CAP theorem is a fundamental principle in distributed database systems that states only two out of the three: consistency, availability, and partition tolerance, can be achieved at any given time.
In the context of the CAP theorem, consistency means that every read operation receives the most recent write or an error. All database nodes will hold the same data at the same time.
Availability means that each request made to the system either receives a valid response or error, regardless of the state of the system. Every non-failed node returns a response in a reasonable amount of time, therefore maximizing uptime.
Partition tolerance explains the system’s ability to continue working despite physical network splits. It means the system as a whole can tolerate network failures that partition the system.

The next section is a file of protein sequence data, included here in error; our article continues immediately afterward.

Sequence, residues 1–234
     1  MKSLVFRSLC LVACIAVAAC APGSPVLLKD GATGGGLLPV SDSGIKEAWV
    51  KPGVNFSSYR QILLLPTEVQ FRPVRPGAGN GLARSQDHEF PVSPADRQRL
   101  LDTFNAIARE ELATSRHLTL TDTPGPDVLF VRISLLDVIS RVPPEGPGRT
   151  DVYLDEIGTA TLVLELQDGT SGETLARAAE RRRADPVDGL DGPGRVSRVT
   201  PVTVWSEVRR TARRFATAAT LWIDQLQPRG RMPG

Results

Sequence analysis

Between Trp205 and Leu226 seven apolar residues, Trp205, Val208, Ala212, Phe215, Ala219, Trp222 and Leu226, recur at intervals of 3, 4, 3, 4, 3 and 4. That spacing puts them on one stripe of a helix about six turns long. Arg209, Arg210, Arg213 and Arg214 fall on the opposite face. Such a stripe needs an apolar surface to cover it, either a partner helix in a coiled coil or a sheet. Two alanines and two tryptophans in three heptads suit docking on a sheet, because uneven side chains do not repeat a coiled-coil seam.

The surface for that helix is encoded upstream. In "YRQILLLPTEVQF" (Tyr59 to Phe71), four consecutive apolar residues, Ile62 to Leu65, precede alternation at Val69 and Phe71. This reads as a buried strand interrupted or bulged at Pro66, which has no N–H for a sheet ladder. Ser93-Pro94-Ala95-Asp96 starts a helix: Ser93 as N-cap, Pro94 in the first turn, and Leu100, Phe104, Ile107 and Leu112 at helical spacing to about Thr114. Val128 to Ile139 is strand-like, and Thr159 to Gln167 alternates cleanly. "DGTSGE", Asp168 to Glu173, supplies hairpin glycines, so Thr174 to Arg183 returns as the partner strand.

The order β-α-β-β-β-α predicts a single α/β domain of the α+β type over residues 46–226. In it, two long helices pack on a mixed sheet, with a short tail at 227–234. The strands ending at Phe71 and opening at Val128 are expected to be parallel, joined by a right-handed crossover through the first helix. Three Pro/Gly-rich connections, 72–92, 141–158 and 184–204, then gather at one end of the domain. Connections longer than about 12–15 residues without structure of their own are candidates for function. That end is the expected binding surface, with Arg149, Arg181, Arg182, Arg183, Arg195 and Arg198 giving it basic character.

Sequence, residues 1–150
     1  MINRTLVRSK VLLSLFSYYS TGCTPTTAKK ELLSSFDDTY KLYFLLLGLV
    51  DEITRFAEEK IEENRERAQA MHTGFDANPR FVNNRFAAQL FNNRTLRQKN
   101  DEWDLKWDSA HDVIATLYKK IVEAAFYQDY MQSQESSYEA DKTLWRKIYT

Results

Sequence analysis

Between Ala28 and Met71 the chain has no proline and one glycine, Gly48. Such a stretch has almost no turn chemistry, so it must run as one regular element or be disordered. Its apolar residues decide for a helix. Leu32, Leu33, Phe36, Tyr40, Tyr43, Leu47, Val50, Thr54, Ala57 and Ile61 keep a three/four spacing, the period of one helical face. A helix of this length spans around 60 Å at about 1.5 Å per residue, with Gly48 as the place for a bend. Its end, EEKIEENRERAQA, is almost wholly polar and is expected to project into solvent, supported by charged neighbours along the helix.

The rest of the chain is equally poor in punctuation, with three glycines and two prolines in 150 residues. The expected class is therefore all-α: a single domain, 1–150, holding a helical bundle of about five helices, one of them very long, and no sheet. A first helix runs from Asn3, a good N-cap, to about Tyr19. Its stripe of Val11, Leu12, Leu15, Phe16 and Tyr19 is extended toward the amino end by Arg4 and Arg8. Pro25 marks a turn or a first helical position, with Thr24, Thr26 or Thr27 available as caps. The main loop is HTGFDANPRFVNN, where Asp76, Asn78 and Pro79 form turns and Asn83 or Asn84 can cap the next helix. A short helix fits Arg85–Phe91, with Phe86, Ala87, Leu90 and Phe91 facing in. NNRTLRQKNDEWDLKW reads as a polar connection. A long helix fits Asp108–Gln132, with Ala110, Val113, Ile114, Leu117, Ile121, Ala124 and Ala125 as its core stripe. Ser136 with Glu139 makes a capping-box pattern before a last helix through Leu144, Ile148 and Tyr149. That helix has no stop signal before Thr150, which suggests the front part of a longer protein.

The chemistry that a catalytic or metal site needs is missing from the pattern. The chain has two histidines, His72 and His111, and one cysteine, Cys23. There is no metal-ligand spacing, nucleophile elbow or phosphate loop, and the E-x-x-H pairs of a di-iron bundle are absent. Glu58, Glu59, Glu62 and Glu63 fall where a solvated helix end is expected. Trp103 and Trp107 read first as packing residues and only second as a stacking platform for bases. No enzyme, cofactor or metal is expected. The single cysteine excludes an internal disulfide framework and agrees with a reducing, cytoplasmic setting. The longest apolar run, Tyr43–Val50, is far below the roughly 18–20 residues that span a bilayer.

In reality, no distributed system can simultaneously provide more than two of these three guarantees. Thus, in the presence of a network partition, one has to choose between consistency and availability.
In practice, the CAP theorem implies that in distributed systems, there are trade-offs between consistency, availability, and partition tolerance. Specifically, a system can only guarantee two out of these three aspects at any given moment. Therefore, system architects must carefully consider their system’s requirements and use-cases before deciding on the appropriate balance.